One thing is certainly worth mentioning so that those that are super-adventureous don't do something stupid like to attempt to pick-up some large rattler or cottonmouth(water moccasin) that has been run-over and is motionless and you think is probably dead.......Remember that if it ain't dead yet, you're likely gonna get all the energy that the dying snake can muster in a helluva bite. Probably any doctor that has done ER duty probably will tell you that accounts for many snake-bite cases.
Let the snake go on its way, if it is out in the wild and not in your garage, or under your home, etc....... If you need to have a live poisonous snake captured & removed, please call a professional as you don't wanna do something stupid like have bullets ricochet and possibly strike someone or a pet, or a window or car etc.
The snake does not want to hurt you. They do naturally strike and bite when stepped on.
Agree
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Old 07-07-21, 05:52 AM
  #31  
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Let's turn this thread into something worth something.

Show us pictures of snakes you've seen while riding.

Western yellow bellied racer in South Dakota. Sucker was fast and larger than the photo makes him appear to be.


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Old 07-07-21, 05:57 AM
  #32  
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Curious Northern Water Snake in the Delaware River above Stockton, NJ while in camp druing a long weekend bike tour. He kept mugging for the camera.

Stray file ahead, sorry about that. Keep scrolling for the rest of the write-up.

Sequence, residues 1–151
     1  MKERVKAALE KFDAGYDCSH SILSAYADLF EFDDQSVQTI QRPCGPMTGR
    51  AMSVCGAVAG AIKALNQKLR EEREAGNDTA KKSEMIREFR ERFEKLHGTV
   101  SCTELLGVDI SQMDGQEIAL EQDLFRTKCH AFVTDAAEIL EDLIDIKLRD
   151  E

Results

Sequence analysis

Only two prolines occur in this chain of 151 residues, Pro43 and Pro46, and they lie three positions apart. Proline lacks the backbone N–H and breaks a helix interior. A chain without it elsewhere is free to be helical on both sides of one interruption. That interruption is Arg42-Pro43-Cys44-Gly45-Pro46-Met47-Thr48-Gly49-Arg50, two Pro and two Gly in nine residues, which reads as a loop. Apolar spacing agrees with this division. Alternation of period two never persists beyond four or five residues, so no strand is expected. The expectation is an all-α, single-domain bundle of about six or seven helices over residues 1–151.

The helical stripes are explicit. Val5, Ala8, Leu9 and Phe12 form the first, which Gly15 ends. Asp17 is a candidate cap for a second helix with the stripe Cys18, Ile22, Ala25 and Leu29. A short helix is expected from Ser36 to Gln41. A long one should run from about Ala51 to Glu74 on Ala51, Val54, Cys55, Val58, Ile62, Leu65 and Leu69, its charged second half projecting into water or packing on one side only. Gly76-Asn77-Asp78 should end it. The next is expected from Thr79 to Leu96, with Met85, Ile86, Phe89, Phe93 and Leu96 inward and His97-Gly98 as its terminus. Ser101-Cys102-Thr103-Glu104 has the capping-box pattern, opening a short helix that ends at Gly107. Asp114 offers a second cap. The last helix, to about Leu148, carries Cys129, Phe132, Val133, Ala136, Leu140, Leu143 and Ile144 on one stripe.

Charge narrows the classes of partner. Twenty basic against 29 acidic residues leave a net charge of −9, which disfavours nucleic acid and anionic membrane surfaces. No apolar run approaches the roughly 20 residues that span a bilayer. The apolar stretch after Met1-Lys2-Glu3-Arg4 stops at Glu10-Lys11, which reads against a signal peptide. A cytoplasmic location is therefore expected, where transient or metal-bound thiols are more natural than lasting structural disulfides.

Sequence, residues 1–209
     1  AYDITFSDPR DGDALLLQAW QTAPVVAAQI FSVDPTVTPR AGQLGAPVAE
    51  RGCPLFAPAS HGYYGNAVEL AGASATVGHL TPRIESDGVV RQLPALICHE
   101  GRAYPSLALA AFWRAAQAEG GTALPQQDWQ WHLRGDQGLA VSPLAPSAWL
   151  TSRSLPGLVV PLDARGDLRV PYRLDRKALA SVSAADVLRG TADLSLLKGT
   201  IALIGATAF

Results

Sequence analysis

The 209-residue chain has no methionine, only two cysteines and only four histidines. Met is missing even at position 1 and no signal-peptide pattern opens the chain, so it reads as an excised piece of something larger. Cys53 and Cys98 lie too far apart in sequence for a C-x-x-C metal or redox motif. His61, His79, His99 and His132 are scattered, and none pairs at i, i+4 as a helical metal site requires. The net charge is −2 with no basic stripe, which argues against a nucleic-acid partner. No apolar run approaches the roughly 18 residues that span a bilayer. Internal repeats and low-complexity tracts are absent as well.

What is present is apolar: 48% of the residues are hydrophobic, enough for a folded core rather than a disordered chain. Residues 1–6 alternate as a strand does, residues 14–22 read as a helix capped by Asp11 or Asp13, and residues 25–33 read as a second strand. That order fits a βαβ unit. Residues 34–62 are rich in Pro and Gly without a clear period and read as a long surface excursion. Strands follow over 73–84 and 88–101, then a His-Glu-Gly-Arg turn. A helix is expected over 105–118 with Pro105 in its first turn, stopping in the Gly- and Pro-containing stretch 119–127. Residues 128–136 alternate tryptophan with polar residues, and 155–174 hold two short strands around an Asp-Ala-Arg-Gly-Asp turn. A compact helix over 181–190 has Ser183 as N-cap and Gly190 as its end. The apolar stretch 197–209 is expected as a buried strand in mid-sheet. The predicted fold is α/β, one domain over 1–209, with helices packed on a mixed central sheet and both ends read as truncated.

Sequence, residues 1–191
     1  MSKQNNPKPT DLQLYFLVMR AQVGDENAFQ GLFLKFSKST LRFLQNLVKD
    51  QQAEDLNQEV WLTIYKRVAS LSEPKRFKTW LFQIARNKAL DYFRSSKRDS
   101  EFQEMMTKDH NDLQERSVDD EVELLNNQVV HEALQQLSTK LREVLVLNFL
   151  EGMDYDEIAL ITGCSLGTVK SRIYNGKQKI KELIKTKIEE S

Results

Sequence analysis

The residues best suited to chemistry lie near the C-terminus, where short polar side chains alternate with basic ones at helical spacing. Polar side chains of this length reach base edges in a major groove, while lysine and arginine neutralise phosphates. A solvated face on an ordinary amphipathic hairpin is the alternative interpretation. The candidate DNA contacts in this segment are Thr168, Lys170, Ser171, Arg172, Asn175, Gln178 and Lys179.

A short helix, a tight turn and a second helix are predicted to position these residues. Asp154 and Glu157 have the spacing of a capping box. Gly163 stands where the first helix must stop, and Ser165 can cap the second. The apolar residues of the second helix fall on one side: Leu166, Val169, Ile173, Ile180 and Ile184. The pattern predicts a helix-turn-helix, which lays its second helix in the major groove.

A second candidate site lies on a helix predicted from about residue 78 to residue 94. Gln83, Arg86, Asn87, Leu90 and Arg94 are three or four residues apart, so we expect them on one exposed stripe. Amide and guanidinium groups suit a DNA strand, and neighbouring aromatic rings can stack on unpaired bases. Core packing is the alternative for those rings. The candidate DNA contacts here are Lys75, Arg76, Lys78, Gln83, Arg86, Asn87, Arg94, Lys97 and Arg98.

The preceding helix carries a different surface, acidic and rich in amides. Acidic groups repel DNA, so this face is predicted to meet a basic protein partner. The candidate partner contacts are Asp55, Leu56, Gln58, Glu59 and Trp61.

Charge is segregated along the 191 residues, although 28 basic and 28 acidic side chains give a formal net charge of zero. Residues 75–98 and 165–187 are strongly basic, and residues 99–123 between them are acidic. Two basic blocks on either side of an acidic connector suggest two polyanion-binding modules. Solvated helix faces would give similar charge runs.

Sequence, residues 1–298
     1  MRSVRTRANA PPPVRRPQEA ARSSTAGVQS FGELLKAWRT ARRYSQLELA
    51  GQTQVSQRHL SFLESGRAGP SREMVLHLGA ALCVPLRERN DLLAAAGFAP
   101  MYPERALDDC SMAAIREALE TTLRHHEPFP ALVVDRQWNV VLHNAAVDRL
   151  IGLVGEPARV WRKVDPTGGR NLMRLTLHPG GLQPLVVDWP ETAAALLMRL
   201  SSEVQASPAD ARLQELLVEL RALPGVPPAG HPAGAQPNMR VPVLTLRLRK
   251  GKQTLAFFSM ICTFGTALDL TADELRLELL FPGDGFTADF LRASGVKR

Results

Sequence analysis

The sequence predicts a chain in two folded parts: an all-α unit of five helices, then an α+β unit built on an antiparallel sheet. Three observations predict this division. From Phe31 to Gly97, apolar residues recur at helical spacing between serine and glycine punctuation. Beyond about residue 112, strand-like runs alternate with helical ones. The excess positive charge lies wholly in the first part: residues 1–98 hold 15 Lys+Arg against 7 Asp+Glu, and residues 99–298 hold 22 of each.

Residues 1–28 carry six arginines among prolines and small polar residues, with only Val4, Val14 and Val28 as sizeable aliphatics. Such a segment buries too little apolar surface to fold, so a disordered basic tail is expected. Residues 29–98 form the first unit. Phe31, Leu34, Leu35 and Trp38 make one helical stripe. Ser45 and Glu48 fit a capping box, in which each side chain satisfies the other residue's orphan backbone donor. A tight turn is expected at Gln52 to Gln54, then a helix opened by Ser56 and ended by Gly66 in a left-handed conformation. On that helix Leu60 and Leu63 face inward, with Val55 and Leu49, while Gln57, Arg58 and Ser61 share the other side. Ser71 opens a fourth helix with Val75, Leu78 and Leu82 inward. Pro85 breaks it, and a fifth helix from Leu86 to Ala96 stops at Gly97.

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Old 07-07-21, 06:48 AM
  #33  
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Originally Posted by indyfabz View Post
If only I could convince my wife...
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Old 07-07-21, 06:54 AM
  #34  
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I don't know how you shoo a rattlesnake off of a road, they usually just coil up and try to scare you.
I saw 2 in one week during June. Someone told me it was probably pregnant females. They like to hang out near streams and sunbathe.
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Old 07-07-21, 07:09 AM
  #35  
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Originally Posted by unterhausen View Post
I don't know how you shoo a rattlesnake off of a road, they usually just coil up and try to scare you.